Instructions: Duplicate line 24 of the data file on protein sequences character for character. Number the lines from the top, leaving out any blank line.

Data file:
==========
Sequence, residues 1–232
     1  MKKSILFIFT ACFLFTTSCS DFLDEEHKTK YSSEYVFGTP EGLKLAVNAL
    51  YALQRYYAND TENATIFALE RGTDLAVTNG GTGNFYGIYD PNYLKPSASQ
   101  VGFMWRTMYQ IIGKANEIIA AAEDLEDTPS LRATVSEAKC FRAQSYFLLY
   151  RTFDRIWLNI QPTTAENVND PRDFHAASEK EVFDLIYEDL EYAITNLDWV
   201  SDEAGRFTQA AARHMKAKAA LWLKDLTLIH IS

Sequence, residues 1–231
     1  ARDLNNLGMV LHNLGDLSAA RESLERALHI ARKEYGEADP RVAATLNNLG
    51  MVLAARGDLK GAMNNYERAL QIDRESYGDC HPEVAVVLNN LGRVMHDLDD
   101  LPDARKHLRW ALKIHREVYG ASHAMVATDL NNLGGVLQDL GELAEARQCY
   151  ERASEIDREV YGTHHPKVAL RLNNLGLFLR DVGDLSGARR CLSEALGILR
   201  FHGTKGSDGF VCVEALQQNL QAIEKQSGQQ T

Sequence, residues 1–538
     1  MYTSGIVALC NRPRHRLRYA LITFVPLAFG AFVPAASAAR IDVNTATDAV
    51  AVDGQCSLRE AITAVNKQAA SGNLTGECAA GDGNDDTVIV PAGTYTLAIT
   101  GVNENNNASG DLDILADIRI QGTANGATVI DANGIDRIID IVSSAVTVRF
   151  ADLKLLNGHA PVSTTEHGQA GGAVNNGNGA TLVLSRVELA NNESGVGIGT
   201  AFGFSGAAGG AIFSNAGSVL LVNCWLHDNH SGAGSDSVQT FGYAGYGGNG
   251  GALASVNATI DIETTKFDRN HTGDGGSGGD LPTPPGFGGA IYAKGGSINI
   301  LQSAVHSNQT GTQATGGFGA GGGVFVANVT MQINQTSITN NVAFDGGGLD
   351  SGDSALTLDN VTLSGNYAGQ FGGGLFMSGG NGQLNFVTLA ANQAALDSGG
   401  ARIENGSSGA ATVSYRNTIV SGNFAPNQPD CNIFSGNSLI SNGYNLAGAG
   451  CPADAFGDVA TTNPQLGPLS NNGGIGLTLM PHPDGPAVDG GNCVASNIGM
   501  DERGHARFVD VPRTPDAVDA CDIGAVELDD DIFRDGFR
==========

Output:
   501  DERGHARFVD VPRTPDAVDA CDIGAVELDD DIFRDGFR